Consumer confidence is up, survey finds
Consumer confidence increased for the third consecutive month as Americans became slightly more optimistic about the economy and small gains in employment, according to a new survey released Wednesday.
The Thomson Reuters / University of Michigan index of consumer sentiment rose to 64.1% in November, up from an August low of 55.7% when pessimism was high after negative reactions to the congressional debate on the national debt ceiling.
Although Americans view the economy more favorably, the current index is still below the 71.6% recorded a year ago.
The failure of the congressional "super committee" to reach an agreement on deficit cuts threatens to have an adverse affect on consumers and could dampen holiday spending, said Richard Curtin, chief economist of the Thomson Reuters / University of Michigan survey.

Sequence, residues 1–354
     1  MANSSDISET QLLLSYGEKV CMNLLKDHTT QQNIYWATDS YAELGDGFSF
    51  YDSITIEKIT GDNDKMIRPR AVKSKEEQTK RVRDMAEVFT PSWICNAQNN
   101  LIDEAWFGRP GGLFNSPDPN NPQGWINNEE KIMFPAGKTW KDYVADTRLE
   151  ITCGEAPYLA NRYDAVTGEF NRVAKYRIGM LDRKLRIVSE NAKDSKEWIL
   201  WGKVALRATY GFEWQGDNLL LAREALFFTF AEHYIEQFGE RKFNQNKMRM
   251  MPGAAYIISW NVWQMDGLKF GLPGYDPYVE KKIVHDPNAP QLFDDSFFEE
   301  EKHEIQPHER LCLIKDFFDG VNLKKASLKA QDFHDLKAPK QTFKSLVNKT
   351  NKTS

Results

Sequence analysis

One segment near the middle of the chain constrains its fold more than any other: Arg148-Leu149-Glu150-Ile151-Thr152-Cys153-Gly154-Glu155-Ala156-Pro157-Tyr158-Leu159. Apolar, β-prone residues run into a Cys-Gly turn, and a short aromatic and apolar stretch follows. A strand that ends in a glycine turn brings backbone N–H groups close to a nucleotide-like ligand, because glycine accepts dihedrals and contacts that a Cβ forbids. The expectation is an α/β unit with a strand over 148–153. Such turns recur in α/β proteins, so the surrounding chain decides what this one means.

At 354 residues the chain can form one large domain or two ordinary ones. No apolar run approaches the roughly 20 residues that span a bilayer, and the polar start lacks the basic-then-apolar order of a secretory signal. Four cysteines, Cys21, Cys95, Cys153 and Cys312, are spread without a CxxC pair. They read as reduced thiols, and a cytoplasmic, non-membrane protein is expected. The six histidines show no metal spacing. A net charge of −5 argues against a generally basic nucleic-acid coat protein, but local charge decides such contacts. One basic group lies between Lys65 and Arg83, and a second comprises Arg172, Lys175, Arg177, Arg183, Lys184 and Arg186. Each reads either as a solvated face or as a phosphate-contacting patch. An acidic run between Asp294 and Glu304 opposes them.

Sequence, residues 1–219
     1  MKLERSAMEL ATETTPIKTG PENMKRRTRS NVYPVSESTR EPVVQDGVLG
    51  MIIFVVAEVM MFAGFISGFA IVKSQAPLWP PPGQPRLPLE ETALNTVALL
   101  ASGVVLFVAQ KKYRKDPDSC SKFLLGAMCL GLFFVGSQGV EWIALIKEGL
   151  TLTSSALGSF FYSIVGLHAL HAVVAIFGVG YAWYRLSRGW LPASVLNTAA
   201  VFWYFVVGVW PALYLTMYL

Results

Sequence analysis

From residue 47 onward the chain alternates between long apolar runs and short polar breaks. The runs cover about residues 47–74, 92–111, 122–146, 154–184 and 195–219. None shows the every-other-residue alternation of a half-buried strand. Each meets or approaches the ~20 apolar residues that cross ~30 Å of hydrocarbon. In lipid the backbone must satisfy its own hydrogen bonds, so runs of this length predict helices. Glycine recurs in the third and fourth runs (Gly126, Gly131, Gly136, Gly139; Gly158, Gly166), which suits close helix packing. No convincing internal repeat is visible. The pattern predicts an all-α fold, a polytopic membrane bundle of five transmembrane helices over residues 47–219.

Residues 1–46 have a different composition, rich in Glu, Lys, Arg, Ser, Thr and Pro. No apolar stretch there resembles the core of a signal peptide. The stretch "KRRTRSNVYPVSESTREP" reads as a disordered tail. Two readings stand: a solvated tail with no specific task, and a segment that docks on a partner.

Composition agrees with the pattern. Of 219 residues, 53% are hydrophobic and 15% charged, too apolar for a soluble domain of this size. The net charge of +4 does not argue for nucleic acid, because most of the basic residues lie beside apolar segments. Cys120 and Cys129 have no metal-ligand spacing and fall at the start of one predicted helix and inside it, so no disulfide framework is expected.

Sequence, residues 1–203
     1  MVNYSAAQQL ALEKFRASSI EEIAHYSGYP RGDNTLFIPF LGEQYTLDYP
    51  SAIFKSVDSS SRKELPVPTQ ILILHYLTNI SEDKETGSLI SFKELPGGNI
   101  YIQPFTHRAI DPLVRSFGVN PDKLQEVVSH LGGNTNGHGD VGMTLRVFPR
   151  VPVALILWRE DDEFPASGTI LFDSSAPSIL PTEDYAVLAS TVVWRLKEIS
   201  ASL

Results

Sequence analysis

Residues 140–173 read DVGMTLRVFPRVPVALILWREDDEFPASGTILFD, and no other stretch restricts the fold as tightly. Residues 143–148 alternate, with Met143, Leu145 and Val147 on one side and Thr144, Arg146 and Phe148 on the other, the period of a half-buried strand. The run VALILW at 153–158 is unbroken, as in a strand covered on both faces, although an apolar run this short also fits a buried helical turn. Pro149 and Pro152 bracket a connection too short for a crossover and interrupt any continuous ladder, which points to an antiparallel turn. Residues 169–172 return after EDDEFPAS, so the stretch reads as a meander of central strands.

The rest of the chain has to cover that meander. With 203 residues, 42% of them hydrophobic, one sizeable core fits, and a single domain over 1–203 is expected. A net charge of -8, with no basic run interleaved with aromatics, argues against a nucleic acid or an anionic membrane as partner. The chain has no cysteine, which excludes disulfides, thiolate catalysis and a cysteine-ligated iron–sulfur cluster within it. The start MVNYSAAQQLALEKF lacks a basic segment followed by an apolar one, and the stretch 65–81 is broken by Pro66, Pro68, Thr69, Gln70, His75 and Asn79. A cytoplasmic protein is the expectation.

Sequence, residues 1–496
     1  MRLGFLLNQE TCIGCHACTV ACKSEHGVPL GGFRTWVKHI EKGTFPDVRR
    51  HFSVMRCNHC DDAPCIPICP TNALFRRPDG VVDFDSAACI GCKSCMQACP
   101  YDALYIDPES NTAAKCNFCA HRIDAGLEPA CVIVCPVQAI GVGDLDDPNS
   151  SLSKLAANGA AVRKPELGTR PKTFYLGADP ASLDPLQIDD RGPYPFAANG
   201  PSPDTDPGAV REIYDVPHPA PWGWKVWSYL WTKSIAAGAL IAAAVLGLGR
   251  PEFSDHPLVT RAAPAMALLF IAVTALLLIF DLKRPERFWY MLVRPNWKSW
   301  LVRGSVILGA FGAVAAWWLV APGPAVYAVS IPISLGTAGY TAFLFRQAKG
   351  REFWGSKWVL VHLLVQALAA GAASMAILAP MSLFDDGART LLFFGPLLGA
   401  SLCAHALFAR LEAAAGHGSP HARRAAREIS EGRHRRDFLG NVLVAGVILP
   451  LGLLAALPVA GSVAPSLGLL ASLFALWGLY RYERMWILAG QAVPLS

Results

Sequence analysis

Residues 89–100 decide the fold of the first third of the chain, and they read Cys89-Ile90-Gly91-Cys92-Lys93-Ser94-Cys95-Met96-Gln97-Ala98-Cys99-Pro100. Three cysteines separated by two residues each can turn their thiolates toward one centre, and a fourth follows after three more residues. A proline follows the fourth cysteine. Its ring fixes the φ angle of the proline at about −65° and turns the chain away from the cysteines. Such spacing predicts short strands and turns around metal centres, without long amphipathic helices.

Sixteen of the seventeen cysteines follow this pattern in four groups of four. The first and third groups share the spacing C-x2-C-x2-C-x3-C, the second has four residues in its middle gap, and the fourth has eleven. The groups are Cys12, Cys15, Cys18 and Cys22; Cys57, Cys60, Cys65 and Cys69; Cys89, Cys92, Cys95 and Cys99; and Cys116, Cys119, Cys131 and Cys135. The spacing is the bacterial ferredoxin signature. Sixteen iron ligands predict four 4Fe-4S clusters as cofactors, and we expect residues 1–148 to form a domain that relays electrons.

"What will translate a political riff into an economic calamity for many families is if the payroll tax cut and unemployment benefits that are scheduled to expire at the end of December are not extended," he said.
Survey respondents reported stagnant personal finances. More households said their financial situation had worsened and cited income declines as the primary reason. However, 22% expect to see improvements in the year ahead.
The increase in consumer confidence is in conflict with people's dissatisfaction with fiscal and monetary policies. A majority of consumers had unfavorabe views of the policies of the Obama administration and the Federal Reserve.
-- Angel Jennings
Photo: Customers leave a Target store in Colma, Calif. Credit: David Paul Morris / Bloomberg